Published in the Sunday Journal Gazette




                                                By Forest J. McComb


I was a youth, and didn’t realize it at the time, but I was enjoying the brilliance of Robison Park when it was right in its prime.  I’d grown up with the park, and to me, it was there, and would continue to be the same as winter, spring, and summer.


A beautiful park, it lay along the St. Joseph River about seven miles northeast of Fort Wayne.  It was owned by the Fort Wayne Traction Company, which was controlled by a board-of-directors in the East.  No doubt Allen County interests helped promote the park, but it was built primarily to make money hauling passengers on the electric line to and from the park. 


Before the automobile, people had much trouble getting outside the city, and large crowds welcomed the opportunity to enjoy riding in the open cars on the double-track line.  The scenic park soon became famous and people were coming from far away places to enjoy it.


The park was open through all the summer months.  Our farm, five miles away, was in easy driving distance.  So many horse conveyances came from around the countryside, and Fort Wayne too, that the management put up sheds for stalling and feeding the horses.  The entrance was from the Leo Road (R.R. 1) and an admission fee was charged.  The park had vast acreage, and the land was rolling, wooded and picturesque.


From the horse barn, we walked on into the park on a wide gravel road.  It met a road on the bluff of the river that connected the two parts of the park.  A right turn took us on high, level land to a large pavilion, and beyond that was the dance hall.  The electric cars unloaded at a terminal here.  Except for the dance hall, this was the quiet part of the park.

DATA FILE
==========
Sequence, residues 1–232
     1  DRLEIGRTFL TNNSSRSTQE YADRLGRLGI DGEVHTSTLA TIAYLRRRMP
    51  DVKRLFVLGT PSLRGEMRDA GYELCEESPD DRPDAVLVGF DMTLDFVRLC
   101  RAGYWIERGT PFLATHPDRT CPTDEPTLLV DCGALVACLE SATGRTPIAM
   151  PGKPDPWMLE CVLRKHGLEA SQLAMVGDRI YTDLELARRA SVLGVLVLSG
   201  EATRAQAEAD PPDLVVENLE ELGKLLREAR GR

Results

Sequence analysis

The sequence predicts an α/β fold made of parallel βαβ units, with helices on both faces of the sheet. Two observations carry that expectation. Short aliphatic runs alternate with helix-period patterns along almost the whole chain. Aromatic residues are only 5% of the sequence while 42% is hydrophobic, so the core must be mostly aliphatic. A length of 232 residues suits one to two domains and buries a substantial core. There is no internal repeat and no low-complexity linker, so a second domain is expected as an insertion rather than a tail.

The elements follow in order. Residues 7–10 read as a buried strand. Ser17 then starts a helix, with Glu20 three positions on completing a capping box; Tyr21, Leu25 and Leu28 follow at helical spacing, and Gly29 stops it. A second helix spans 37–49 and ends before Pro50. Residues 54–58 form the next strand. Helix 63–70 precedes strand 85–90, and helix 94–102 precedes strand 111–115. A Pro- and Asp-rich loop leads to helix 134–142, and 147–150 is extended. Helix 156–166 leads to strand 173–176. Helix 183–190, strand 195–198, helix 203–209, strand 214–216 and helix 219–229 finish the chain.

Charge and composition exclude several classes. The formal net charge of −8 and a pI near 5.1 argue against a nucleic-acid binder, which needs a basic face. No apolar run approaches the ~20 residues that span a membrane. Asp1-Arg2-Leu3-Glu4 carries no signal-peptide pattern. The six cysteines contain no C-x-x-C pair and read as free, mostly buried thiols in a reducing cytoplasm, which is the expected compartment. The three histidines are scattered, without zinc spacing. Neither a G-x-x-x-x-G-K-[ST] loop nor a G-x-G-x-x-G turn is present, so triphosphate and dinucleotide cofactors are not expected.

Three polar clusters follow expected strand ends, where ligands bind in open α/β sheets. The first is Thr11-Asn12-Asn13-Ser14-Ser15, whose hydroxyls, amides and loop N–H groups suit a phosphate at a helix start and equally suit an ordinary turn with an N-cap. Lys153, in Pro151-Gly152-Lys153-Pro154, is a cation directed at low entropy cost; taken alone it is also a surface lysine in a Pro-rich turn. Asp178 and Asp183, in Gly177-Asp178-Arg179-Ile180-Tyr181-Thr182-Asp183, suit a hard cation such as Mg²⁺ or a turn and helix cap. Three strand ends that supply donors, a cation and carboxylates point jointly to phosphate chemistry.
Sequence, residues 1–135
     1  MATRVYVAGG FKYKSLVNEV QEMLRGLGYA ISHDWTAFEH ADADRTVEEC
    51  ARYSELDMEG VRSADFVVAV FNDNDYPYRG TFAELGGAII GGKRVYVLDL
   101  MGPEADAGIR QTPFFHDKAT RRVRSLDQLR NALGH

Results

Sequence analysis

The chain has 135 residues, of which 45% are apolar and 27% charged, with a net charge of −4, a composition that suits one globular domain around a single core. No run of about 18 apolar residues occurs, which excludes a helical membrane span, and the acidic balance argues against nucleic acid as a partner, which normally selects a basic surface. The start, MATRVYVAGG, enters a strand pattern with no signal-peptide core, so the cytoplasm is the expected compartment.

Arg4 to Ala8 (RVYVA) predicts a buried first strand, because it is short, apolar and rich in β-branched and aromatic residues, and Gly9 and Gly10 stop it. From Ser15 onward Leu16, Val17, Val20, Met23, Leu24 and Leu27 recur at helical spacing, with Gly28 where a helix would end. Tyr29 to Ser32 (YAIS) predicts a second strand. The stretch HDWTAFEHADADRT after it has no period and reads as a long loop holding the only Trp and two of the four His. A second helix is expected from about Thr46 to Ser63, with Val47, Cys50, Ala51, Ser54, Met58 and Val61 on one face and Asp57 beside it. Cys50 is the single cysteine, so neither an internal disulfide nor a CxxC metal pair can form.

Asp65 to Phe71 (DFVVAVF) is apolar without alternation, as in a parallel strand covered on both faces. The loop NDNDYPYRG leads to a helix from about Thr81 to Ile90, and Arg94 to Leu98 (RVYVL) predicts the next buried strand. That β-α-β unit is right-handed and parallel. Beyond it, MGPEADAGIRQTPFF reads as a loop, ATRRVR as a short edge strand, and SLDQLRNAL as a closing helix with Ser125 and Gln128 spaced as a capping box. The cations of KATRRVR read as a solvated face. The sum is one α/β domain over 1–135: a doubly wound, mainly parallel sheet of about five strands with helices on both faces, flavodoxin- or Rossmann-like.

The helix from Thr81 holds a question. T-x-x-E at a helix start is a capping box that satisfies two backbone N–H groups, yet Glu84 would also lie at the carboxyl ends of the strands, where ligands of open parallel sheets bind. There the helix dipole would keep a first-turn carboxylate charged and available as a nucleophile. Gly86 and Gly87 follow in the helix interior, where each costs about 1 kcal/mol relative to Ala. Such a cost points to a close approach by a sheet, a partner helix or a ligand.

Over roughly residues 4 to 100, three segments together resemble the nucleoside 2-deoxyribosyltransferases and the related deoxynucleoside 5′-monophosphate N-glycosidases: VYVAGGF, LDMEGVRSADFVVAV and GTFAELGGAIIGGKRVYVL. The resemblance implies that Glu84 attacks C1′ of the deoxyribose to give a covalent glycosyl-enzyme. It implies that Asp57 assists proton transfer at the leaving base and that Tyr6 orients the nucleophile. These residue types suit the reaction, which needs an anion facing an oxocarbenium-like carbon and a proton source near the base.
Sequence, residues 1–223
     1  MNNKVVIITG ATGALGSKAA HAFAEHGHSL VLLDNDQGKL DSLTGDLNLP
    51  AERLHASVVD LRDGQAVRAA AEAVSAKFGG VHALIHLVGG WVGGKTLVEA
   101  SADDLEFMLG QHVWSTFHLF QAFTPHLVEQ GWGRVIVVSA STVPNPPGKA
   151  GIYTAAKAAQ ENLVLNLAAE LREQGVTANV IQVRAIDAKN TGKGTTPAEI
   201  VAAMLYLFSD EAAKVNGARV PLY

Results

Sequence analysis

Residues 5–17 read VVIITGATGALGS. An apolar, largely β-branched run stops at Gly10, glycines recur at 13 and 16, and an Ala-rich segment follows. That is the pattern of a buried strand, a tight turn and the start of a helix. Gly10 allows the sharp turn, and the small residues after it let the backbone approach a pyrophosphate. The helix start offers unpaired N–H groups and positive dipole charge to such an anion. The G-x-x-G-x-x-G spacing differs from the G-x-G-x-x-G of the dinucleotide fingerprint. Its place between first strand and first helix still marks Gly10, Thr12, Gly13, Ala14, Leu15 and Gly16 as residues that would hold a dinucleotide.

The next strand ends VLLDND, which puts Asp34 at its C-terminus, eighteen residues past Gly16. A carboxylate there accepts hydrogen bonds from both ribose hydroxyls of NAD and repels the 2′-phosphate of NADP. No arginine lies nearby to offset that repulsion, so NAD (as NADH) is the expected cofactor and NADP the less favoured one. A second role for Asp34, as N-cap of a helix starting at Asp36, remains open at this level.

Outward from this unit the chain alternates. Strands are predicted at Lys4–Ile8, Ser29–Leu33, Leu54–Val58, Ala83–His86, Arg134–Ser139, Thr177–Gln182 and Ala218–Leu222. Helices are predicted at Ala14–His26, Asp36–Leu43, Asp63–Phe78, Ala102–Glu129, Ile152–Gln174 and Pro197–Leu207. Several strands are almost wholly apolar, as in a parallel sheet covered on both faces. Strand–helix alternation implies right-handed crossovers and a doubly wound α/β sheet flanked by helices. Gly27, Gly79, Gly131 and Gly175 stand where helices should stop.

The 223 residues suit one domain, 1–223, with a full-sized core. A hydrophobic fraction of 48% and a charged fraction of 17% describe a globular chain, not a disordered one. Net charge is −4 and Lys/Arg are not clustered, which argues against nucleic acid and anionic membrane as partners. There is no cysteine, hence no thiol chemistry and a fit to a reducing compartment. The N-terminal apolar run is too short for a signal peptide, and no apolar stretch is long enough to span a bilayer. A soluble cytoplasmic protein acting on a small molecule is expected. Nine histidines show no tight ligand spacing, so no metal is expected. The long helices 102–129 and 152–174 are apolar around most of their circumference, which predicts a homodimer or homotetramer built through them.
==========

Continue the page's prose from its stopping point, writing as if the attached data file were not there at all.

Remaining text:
Back at the river road, a sharp left turn led to the amusement part of the park.  A large ravine here formed a natural lagoon, with hills on each side.  The water in the lagoon was increased by a dam at the river and a footpath led across it.  But the main road ran downhill around the outer rim of the lagoon, across a bridge, and uphill again to the concessions on the opposite side of the lagoon.  This part of the park held the most interest for young folks.  The noise from the concessions could be plainly heard, and they hurried to join the excitement. 


The circle swing was on a small island in the lagoon.  The cables holding the gondolas were strung with electric lights, and at night it was a beautiful sight as the cars swung out over the water.


The roller coaster, named the Blue Streak, was to the left off the bridge, and was the most popular concession of all.  When the park had a large crowd, the cars ran continually.  Their roar, and the shouts of males and the squeals of girls could be heard for a half mile. 


The chute-the-chute was built on the natural hill incline, beside and parallel to the river.  It had a long double ramp – one to take the boats up by endless chain, and the other to slide the loaded boats down.


Each held about a dozen passengers, and an employee stood in the back with an oar poised for use when it hit the lagoon with a resounding splash.  The oar was used for a brake, then to bring the boat back.  The ride brought more squeals from the girls, and needless to say, some got splashed!